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1. chinaXiv:202104.00094 [pdf]

Snowpack shifts cyanobacterial community in biological soil crusts

ZHANG, Bingchang; ZHANG, Yongqing; ZHOU, Xiaobing; LI, Xiangzhen; ZHANG, Yuanming
Subjects: Geosciences >> Geography

Winter snowpack is an important source of moisture that influences the development of biological soil crusts (BSCs) in desert ecosystems. Cyanobacteria are important photosynthetic organisms in BSCs. However, the responses of the cyanobacterial community in BSCs to snowpack, snow depth and melting snow are still unknown. In this study, we investigated the cyanobacterial community composition and diversity in BSCs under different snow treatments (doubled snow, ambient snow and removed snow) and three snow stages (stage 1, snowpack; stage 2, melting snow; and stage 3, melted snow) in the Gurbantunggut Desert in China. In stages 1 and 2, Cyanobacteria were the dominant phylum in the bacterial community in the removed snow treatment, whereas Proteobacteria and Bacteroidetes were abundant in the bacterial communities in the ambient snow and doubled snow treatments. The relative abundances of Proteobacteria and Bacteroidetes increased with increasing snow depth. The relative abundances of Cyanobacteria and other bacterial taxa were affected mainly by soil temperature and irradiance. In stages 2 and 3, the relative abundance of Cyanobacteria increased quickly due to the suitable soil moisture and irradiance conditions. Oscillatoriales, Chroococcales, Nostocales, Synechococcales and unclassified Cyanobacteria were detected in all the snow treatments, and the most dominant taxa were Oscillatoriales and Chroococcales. Various cyanobacterial taxa showed different responses to snowpack. Soil moisture and irradiance were the two critical factors shaping the cyanobacterial community structure. The snowpack depth and duration altered the soil surface irradiance, soil moisture and other soil properties, which consequently were selected for different cyanobacterial communities. Thus, local microenvironmental filtering (niche selection) caused by snow conditions may be a dominant process driving shifts in the cyanobacterial community in BSCs.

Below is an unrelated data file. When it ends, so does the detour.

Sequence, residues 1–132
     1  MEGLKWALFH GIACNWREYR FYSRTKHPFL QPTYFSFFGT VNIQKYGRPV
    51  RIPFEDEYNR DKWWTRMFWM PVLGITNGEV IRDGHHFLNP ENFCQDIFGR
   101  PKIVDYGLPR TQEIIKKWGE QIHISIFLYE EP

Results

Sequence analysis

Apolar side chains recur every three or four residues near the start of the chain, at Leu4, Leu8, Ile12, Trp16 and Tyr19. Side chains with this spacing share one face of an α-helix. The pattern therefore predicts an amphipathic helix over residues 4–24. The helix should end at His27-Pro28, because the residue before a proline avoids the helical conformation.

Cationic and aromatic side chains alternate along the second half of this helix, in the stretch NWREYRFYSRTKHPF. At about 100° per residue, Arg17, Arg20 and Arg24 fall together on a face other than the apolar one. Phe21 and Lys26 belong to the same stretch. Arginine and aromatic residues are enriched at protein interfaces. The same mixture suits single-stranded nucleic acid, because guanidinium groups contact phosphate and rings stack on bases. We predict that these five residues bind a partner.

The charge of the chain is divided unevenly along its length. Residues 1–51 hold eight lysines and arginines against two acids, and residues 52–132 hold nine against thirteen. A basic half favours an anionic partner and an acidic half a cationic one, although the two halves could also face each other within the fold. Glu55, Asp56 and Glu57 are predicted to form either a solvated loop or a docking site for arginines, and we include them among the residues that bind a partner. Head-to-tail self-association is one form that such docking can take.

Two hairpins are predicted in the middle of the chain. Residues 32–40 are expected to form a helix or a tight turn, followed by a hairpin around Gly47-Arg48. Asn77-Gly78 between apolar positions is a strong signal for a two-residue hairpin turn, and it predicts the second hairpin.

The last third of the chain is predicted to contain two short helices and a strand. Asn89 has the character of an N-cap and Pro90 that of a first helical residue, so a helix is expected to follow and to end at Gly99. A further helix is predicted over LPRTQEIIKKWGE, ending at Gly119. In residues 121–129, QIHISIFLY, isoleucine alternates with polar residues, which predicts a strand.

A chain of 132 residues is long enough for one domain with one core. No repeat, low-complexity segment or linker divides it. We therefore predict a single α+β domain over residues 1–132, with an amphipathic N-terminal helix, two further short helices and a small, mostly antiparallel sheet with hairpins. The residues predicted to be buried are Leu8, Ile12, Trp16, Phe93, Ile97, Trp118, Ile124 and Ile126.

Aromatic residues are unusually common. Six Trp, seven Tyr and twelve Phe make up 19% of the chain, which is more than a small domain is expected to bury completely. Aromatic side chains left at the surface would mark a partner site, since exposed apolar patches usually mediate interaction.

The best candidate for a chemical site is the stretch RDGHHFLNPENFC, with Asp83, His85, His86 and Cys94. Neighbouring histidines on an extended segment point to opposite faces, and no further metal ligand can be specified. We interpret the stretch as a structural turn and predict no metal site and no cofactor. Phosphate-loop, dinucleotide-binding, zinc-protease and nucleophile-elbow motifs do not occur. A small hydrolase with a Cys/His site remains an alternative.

submitted time 2021-04-22 From cooperative journals:《Journal of Arid Land》 Hits2332Downloads368 Comment 0

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